The latest NASA robot to come on the scene has reportedly been inspired by the classic children’s toy, the super ball, and has been called a “drastic departure” from previous robotic technology. The new robot consists almost entirely of an interlocking system of rods and cables expanded and contracted by a series of small motors. The machine appears similar to a “jumble of tent poles” and some scientists believe that the lightweight design that is less expensive and easier to build than a traditional robot may just revolutionize the future of space exploration.
The Super Ball Bot project, as it has been deemed by NASA, relies on the architectural notion of “tensegrity” discovered, in part, by renowned American architect Buckminster Fuller. So-called “tensigrities” are capable of absorbing impact by distributing it throughout many paths in the structure and are easily deployable. The idea behind these latest robots is that they could be dropped to a bouncing landing on the planet set for exploration. This method of landing would be of great benefit to exploration projects as securing a controlled descent and avoiding damage to the craft is often one of the most costly and precisely focused aspects of such a mission. The need for expensive, bulky landing gear would be eliminated, as would the possibility of any malfunction occurring within it.
After landing, the robots would then be set to reform and roll themselves to sites of interest to their controlling scientists. It is believed that their flexible structure would allow them to explore areas of rough terrain thought to be too dangerous for existing NASA rovers. Such exploration might allow for close-up views of the undiscovered history and geology of planets as it has been previously inaccessible.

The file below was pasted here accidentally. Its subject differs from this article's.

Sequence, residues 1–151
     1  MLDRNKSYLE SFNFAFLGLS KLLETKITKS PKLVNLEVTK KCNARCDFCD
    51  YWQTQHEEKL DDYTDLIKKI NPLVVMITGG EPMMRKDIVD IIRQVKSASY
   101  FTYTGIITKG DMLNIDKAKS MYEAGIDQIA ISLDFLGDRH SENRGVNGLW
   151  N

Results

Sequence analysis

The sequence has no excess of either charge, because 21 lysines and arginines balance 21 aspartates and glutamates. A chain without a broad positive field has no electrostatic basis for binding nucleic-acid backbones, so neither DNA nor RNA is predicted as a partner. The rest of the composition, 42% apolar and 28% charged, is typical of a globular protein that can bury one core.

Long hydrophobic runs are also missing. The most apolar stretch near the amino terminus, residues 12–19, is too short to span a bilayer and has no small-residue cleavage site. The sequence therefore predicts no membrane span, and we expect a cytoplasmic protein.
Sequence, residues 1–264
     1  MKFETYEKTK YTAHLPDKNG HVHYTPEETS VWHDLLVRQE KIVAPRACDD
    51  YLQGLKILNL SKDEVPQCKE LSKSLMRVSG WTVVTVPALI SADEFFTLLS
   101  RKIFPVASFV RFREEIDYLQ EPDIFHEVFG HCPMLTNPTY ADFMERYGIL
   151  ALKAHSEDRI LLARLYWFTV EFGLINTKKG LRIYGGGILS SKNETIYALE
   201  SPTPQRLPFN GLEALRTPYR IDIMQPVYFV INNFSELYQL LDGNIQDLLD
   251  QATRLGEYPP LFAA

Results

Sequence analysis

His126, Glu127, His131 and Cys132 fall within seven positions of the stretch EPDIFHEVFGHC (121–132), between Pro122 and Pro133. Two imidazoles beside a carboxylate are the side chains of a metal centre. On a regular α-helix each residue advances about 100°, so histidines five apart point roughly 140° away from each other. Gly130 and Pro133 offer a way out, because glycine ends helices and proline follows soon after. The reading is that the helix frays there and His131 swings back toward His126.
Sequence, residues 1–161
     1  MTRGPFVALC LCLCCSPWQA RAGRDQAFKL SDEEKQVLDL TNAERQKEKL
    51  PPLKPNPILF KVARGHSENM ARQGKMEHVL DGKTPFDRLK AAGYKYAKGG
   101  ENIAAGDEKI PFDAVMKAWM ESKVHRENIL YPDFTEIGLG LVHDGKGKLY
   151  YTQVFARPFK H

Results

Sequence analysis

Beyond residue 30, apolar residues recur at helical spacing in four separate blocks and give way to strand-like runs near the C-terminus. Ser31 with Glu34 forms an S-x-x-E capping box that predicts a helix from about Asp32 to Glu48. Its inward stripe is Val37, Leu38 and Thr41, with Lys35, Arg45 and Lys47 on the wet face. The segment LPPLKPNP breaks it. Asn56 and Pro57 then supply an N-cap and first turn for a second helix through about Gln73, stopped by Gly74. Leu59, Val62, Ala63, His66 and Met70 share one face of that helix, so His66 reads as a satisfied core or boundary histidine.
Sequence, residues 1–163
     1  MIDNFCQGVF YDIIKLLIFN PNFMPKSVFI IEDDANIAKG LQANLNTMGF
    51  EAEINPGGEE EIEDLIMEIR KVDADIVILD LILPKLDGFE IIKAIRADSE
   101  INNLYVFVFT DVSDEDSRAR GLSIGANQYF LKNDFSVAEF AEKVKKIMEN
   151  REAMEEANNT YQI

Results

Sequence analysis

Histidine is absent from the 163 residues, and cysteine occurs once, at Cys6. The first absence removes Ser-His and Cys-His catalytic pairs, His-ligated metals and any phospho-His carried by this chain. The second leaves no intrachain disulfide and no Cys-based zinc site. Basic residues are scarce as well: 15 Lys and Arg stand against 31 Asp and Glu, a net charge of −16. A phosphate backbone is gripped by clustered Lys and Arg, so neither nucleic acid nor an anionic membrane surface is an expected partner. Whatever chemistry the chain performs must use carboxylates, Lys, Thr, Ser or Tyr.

Controlling the robots is an issue of concern, however, as traditional methods of doing so are difficult with the tensegrity-based design. Leaders of the project for NASA are currently working on new ways to control the experimental machines “using machine learning algorithms and neuroscience inspired oscillatory controls.” These types of controls are known in the industry as Central Pattern Generators.
The Super Ball Bot is still deep in the development phase at NASA’s Innovative Advanced Concepts program and it is expected to take at least another 10 years before such a robot is ready for launch. While research in the field has been ongoing for about a decade, taking the leap from theoretical technology to reality has only recently become a possibility. Scientists say that the robots are such a departure from the traditional approach that it is somewhat counter-intuitive to engineers working on the project who are “turning the world upside down” to get the job done.
As for a proposed destination for NASA’s super ball inspired robot, scientists reportedly have their eye on the planet Saturn’s moon, Titan. It is believed that Titan’s atmospheric conditions would allow for enough of a natural slow down due to air friction to allow the Super Ball Bot to essentially bounce to the surface for exploration. The robot would have to fall approximately 62 miles to Titan’s surface to complete its mission.
By Michele Wessel